Harbour seals, also known as common seals, are members of the pinniped family and are found around coastal waters of the Pacific and Atlantic Ocean. The northern part of these oceans offers the cold temperate temperatures where these animals are most comfortable. They may be called common seals, however this species are in fact that are more rare than grey seals that are often found around the UK. The best way to identify between the two species is, harbour seals are smaller in size and have a shorter head with a more concave forehead. Common seals also have V-shaped nostrils. They can range in colour but the majority are grey with dark spots. In the wild there have been sightings of blonde and black harbour seals.
Harbour seals are often viewed as top hunters and with their huge size they don’t have many natural predators. Their biggest threat is from killer whales who hide in deep water where it’s too dark for most creatures to see, then they propel themselves to the waters surface, hitting seals with huge force and making a meal of them. Seals need to be cautious when swimming as this is when they are most at risk. To allow them to check what is underneath them seals will often swim on their backs and flip around in the water to scan their surroundings. Swimming upside down like this also allows seals to look for the tasty fish and crustaceans they like to eat.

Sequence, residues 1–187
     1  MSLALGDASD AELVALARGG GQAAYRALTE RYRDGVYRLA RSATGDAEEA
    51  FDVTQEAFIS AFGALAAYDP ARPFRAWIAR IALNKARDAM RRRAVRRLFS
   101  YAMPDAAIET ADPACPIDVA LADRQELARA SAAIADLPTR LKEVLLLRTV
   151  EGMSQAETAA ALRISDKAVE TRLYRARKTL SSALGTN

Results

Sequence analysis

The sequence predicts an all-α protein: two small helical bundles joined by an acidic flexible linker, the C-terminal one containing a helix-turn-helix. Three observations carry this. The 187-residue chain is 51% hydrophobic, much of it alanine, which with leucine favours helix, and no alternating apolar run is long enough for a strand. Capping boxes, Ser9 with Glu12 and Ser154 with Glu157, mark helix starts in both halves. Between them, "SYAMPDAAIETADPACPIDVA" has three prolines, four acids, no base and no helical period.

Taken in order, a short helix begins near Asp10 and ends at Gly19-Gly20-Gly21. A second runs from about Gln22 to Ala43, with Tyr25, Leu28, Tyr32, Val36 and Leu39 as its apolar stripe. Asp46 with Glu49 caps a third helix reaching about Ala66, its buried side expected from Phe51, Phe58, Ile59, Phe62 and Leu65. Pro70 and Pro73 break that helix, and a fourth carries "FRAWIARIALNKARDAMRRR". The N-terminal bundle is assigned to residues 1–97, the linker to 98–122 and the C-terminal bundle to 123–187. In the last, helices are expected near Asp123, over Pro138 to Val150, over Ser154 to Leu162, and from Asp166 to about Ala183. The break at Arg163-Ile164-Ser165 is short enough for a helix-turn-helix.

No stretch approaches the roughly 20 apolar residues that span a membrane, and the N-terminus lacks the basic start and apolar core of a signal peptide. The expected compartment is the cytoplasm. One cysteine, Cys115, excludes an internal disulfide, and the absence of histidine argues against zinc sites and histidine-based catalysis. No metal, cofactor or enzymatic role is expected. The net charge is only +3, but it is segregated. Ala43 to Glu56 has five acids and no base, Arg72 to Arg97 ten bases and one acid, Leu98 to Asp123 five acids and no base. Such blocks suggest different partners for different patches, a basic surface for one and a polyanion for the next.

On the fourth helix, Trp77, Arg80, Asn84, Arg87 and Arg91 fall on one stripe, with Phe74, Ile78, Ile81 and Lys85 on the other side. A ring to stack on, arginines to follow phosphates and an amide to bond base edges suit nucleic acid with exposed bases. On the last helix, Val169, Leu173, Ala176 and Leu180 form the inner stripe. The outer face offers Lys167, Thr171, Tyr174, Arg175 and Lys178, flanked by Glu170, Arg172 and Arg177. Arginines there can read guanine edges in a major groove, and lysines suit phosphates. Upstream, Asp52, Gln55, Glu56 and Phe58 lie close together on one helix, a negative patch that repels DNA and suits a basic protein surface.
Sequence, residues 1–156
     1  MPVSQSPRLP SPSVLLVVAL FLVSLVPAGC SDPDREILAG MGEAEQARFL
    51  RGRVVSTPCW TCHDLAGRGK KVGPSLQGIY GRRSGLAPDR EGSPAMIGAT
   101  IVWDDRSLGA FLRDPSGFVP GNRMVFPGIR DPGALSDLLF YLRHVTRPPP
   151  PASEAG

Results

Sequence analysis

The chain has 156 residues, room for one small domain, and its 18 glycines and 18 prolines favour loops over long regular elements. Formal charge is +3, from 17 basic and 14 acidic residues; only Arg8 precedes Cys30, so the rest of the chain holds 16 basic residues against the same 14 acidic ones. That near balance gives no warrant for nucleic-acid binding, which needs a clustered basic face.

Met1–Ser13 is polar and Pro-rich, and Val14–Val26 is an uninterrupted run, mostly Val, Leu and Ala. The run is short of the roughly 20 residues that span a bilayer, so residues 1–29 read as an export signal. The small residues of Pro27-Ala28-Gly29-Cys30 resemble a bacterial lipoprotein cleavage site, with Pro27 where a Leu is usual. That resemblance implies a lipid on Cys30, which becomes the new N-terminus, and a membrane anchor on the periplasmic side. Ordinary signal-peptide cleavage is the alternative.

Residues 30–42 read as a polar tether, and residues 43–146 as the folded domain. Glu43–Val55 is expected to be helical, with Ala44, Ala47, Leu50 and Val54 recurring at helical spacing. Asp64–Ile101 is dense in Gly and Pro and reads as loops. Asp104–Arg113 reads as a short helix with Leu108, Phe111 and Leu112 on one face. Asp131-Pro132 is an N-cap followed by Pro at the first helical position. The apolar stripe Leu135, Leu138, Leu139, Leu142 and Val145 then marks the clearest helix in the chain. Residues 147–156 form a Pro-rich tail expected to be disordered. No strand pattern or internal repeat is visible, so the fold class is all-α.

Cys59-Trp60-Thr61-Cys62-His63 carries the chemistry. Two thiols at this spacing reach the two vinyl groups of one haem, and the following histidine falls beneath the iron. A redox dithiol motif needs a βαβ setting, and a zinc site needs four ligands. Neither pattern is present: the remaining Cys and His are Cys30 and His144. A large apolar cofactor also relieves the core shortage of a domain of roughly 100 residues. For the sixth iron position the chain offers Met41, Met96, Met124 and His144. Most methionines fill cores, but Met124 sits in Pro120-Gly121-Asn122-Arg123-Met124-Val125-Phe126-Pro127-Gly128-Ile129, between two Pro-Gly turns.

Carrying their large bodies around can be tiring work, so seals need plenty of rest to help build up energy. They gather is large groups on rocky shores to nap , or can even take a nap in the water. They sleep in the water by submerging their bodies under the surface, but they keep their heads in the air so they can breathe. These seals are able to keep warm in the water as they have a thick layer of blubber under their skin which helps to insolate their bodies.
It is common to find seal pups around Tynemouth especially just after mating season, however we try and encourage these animals are left alone no matter how cute they may be. They can be dangerous with their sharp teeth and claws. Seal mothers also place high importance on smell and if their seal pup has come into contact with humans or their pets this might cause the mother to abandon the pup which will be left to fend for itself.
Mammals: large seabourne predator
What do they eat?
Squid, crustaceans, molluscs and fish
Where are we?
Pacific Ocean and Atlantic Ocean